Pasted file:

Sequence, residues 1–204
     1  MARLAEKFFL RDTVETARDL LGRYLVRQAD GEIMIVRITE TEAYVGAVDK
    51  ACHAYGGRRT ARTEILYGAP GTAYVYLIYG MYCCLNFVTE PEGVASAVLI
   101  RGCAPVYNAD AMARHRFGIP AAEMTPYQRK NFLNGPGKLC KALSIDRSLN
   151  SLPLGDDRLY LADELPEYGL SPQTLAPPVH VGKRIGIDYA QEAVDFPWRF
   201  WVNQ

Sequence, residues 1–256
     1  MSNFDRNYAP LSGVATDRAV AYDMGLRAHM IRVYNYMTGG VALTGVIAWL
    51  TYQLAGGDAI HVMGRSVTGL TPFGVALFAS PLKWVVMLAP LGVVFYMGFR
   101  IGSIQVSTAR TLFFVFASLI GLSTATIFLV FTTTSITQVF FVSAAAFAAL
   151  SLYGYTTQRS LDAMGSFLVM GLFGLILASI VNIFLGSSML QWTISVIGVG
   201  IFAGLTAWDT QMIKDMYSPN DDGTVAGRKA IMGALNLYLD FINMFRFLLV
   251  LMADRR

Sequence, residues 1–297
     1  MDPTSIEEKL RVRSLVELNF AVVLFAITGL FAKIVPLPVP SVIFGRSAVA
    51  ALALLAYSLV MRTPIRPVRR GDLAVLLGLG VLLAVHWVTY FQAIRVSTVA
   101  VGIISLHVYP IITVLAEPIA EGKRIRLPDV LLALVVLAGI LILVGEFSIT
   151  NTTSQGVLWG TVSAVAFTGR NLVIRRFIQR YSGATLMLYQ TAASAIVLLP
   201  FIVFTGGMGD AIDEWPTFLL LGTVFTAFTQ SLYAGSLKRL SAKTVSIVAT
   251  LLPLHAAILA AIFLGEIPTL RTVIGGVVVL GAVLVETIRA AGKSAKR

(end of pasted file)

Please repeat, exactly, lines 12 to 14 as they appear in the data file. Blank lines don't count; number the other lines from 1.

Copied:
   201  IFAGLTAWDT QMIKDMYSPN DDGTVAGRKA IMGALNLYLD FINMFRFLLV
   251  LMADRR

Sequence, residues 1–297